Shane Kowalski ~ Politeness

I was meet­ing the man who pre­vi­ous­ly owned the house I now called home. After mov­ing out of the house, almost imme­di­ate­ly, his wife died of a brain aneurysm. His chil­dren were now grown and at col­leges on dif­fer­ent coasts. It had been a few years. The rea­son for the meet­ing was to give him a box of pho­tos I had found in the bot­tom of a clos­et in a room I hard­ly used in the house. The pic­tures were mun­dane but gave off the seduc­tive allure of pri­vate lives lived else­where. How was it that all of this had hap­pened with­out me! How could any­thing hap­pen with­out me! I felt the shock of some­one real­iz­ing they are not the only per­son alive. A fam­i­ly. People danc­ing. A dog. Many pho­tos of his chil­dren in var­i­ous stages of growth. I rec­og­nized them from when I did a walk­through of the house before buy­ing it. Buying the house, I had the sen­sa­tion, born out of jeal­ousy, that I hat­ed this fam­i­ly. They were ugly, dull, and seemed to be already dead. I was buy­ing a home from ghosts! Which excit­ed me—it felt like I was going to take their place! Even though I hat­ed reach­ing out to peo­ple in those days, I found it only right that the man should have these pho­tos of his fam­i­ly. We met at a dis­gust­ing café that I hat­ed. He sur­pris­ing­ly looked younger, more alive, inter­est­ed and inter­est­ing: as if los­ing his fam­i­ly had restored his health. I brought the box of pho­tos, put it on the table. He went to it, opened it, and began look­ing. His ini­tial excite­ment seemed to turn very quick­ly into a strange com­mu­ni­ty of fea­tures I had nev­er seen on a face before. These are not my pho­tos, he said. Of course they are, I said. No, they are not, he said. These are your chil­dren though, I said, pick­ing up a pho­to of his two chil­dren star­ing cold­ly into the cam­era. I’ve nev­er seen these chil­dren before, he said. I mean, they have sim­i­lar fea­tures to mine, he said, but they aren’t mine. I thought he was either clear­ly lying or hav­ing a break­down of his own. These were clear­ly his dull and ugly chil­dren in the pho­tos. But he kept say­ing no, no they weren’t. He end­ed up refus­ing to look at them fur­ther. He gave me no hand­shake. He left with­out pay­ing for the large, gross cof­fee and slice of pump­kin pie he had ordered. I put a bite into the pie. It put my stom­ach in a bad mood, which I rev­eled in. Leaves fell out­side. The box of pho­tos sat there with me. I felt like a man.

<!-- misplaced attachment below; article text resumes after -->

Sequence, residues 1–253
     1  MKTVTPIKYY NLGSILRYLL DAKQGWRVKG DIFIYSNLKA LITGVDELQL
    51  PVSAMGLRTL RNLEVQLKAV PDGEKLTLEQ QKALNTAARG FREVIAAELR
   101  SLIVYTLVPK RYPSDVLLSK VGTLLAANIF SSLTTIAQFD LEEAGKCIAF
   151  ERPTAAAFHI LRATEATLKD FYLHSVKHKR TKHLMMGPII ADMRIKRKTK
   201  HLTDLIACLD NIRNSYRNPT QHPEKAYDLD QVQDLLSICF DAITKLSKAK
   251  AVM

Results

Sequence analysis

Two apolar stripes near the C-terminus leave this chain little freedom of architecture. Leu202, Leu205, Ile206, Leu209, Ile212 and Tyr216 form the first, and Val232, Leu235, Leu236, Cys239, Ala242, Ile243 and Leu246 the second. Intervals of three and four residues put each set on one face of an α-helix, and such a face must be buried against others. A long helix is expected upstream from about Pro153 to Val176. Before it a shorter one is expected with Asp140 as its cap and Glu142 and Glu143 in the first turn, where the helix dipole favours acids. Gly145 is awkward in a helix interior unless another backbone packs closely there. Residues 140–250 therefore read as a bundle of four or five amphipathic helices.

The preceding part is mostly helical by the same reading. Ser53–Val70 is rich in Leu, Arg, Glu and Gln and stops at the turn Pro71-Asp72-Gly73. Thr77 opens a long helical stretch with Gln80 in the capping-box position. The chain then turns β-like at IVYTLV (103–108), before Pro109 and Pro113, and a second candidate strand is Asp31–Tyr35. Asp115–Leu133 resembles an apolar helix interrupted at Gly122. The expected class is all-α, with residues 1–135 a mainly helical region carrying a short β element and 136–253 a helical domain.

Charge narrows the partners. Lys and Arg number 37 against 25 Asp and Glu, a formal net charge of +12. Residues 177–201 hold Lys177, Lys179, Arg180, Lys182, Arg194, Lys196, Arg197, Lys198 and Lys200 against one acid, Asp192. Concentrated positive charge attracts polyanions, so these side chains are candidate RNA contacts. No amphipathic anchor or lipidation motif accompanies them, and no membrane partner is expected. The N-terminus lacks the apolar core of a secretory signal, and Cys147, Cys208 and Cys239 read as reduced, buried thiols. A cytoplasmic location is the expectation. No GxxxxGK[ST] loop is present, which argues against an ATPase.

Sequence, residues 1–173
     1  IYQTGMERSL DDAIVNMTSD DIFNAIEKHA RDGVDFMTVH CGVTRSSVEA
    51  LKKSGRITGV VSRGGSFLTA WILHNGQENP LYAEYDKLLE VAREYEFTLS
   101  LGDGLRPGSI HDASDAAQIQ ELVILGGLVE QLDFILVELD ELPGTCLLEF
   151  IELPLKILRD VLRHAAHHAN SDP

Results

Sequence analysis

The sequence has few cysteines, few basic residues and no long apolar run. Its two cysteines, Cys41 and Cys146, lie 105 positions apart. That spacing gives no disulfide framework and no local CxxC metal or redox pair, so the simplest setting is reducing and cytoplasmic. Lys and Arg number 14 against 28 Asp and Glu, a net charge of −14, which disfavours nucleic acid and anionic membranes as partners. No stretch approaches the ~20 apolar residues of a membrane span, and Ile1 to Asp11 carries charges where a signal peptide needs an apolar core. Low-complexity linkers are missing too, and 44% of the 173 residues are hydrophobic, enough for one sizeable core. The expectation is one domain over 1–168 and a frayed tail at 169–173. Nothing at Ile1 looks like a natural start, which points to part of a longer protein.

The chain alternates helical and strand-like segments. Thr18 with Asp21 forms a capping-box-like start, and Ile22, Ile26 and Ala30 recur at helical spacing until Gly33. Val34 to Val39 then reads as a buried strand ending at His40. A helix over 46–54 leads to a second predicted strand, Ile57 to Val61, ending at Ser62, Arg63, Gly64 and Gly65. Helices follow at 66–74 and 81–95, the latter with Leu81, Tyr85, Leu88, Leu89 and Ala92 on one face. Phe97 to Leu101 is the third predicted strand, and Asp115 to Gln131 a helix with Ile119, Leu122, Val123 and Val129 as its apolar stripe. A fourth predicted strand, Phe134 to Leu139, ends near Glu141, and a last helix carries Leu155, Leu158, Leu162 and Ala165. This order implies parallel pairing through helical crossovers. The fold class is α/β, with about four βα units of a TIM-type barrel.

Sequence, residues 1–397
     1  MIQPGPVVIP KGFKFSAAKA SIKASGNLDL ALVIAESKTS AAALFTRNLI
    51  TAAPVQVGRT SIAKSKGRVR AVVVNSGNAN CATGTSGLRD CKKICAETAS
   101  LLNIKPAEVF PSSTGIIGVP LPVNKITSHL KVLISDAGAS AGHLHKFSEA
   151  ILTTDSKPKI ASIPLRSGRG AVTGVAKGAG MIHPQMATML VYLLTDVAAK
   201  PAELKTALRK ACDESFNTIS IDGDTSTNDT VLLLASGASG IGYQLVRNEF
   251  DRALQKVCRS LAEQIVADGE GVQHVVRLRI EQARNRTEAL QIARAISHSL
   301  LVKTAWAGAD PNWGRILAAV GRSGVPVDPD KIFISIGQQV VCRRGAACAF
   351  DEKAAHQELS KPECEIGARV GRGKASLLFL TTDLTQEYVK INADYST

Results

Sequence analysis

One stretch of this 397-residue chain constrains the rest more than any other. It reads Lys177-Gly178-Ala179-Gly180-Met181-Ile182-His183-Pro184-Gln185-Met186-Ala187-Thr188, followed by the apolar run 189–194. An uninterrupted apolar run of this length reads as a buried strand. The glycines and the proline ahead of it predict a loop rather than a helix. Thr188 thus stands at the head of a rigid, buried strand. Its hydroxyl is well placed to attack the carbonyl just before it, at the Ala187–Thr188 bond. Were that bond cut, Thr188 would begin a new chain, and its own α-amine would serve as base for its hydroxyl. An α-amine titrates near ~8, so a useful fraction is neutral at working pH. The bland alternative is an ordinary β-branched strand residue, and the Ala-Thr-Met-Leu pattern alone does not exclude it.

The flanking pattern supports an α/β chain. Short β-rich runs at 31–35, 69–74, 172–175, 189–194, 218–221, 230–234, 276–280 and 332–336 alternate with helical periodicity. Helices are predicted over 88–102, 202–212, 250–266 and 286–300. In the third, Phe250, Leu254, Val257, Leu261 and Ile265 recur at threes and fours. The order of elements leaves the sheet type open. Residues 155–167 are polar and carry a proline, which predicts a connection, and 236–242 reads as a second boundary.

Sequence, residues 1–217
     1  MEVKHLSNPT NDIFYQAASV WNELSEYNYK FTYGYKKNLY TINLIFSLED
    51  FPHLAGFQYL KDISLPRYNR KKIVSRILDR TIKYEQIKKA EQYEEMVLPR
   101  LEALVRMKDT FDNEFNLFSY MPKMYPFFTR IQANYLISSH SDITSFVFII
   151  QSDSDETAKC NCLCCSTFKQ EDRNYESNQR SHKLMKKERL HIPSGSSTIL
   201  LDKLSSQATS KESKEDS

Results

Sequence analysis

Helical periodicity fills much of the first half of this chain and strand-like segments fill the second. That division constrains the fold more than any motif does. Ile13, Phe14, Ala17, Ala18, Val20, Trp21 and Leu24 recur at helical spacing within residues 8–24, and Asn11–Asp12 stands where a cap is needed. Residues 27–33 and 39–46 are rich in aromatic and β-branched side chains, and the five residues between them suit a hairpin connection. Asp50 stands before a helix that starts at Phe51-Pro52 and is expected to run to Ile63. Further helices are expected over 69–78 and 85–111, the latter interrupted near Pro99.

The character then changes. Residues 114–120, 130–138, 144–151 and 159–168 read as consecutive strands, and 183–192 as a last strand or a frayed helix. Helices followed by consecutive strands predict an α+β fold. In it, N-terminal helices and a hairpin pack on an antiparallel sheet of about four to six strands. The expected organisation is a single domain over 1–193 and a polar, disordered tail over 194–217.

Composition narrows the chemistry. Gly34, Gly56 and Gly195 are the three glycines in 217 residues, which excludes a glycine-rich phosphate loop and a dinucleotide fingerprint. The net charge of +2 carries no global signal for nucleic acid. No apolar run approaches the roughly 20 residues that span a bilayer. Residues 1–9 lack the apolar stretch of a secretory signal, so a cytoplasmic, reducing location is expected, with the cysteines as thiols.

Shane Kowalski was born out­side of Philadelphia. His work has appeared or is forth­com­ing in Puerto del Sol, New Delta Review, Passages North, and oth­er places. He is cur­rent­ly a lec­tur­er at Cornell University.